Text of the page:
Owen Paterson meets victims' families
The families of 11 people shot dead in 1971 have said the secretary of state would come back to them in January about their demand for an inquiry.
They were shot dead by the Parachute Regiment in west Belfast.
The families, from the Ballymurphy area, are calling for an independent international inquiry into the deaths.
A Catholic priest and a mother-of-eight were among those killed over a three-day period in the city.
The troops claimed they opened fire after being shot at by republicans.
The families met Owen Paterson on Thursday.
Speaking for the group, John Teggart said Mr Paterson told them there was no mechanism at present to deal with their request.
Mr Teggart said the meeting was heated and emotional at times but the families looked forward to sharing what the secretary of state had to say in January.
Mr Teggart said: "We are disappointed."
"But we are a strong campaign group. We will go forward and have a further meeting planned for the new year."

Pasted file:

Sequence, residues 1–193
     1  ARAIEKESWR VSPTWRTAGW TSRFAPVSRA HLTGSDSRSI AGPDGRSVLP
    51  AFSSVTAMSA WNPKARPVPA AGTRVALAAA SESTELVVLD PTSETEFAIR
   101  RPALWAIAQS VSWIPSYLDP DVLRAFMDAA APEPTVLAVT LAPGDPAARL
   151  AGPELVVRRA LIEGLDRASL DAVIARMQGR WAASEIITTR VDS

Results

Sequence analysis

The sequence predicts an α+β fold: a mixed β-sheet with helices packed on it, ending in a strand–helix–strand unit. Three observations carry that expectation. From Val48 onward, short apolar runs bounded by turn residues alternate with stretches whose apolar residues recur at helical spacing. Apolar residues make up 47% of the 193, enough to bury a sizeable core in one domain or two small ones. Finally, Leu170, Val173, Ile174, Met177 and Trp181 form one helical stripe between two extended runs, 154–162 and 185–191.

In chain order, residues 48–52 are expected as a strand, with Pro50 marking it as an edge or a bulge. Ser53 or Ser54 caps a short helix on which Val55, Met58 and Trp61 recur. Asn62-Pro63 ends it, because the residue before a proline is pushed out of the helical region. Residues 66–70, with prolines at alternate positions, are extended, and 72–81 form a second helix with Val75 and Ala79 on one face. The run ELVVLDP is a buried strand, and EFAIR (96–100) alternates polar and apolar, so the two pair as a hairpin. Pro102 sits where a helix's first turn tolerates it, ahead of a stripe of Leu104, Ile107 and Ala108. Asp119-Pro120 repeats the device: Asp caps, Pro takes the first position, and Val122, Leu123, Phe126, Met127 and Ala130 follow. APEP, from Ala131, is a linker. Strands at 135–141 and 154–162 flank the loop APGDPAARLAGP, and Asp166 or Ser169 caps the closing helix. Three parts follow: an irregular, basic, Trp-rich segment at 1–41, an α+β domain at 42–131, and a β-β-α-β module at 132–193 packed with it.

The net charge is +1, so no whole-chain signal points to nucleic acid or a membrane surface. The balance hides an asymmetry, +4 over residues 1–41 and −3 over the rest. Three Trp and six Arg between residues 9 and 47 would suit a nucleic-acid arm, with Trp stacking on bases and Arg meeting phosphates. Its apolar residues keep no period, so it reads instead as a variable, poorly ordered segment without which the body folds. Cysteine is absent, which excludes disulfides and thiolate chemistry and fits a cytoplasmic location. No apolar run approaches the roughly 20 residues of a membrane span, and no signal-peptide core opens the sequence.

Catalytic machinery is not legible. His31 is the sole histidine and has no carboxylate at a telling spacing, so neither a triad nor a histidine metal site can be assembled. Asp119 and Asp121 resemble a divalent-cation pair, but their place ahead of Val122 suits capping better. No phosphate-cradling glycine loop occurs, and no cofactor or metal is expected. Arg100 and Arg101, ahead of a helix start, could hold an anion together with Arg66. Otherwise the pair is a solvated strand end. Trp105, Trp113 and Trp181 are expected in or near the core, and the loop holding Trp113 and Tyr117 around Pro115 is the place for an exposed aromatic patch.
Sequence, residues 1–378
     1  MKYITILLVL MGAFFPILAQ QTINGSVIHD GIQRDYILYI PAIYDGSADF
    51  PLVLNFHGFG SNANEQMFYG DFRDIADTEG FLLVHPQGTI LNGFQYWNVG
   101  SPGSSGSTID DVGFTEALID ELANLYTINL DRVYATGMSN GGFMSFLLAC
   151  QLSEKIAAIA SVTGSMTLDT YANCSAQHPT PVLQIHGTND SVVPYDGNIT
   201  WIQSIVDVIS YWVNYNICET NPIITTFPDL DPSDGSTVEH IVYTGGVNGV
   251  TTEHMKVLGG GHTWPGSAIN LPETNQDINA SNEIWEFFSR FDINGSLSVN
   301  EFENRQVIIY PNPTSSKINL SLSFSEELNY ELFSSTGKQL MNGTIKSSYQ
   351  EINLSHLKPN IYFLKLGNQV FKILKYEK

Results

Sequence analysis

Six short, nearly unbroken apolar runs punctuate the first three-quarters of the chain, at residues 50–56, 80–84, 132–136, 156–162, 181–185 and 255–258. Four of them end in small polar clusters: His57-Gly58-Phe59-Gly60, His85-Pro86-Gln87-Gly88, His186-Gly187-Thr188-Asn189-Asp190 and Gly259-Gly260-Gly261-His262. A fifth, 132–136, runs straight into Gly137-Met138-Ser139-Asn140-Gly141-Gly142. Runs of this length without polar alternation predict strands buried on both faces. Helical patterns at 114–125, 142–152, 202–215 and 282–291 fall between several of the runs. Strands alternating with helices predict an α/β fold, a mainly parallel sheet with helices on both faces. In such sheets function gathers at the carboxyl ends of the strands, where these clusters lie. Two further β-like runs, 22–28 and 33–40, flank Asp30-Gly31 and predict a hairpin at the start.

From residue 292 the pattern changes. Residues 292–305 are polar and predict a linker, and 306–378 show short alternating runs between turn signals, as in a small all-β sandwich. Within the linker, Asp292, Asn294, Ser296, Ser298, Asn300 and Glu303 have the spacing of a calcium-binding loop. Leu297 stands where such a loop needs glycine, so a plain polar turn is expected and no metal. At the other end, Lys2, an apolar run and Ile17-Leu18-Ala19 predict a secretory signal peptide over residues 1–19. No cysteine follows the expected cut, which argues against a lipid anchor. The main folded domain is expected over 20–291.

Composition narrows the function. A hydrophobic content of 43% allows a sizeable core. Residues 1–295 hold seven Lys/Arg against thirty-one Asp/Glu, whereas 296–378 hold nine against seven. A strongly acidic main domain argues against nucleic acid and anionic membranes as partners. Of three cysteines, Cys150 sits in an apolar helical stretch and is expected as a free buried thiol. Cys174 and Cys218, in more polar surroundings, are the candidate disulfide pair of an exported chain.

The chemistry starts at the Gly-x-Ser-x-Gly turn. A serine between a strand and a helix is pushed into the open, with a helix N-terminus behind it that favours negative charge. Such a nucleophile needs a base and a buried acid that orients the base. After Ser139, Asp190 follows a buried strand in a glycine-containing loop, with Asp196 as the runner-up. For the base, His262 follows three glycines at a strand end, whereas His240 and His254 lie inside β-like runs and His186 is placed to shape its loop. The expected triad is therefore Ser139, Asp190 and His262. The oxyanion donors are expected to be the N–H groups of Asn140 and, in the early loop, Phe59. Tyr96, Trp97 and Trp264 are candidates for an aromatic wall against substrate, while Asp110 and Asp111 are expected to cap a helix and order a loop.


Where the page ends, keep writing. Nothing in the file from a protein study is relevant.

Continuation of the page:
Mr Paterson said there was no consensus on how to deal with the past in Northern Ireland.
"That does not mean that we will stop looking for a way to build one," he said.
"Over the coming months, along with (NIO minister) Hugo Swire, I will be meeting with a range of individuals, groups and political parties to see if we can find a way forward that is broadly acceptable across Northern Ireland," he said.
Sinn Fein President Gerry Adams and SDLP MLA Alex Attwood accompanied the families.
Mr Attwood said: "I welcome the meeting with the secretary of state where the families outlined their horror and grief resulting from the terrible events of August 1971.
"Their proposal for an apology, an acknowledgement and an independent international investigation is compelling."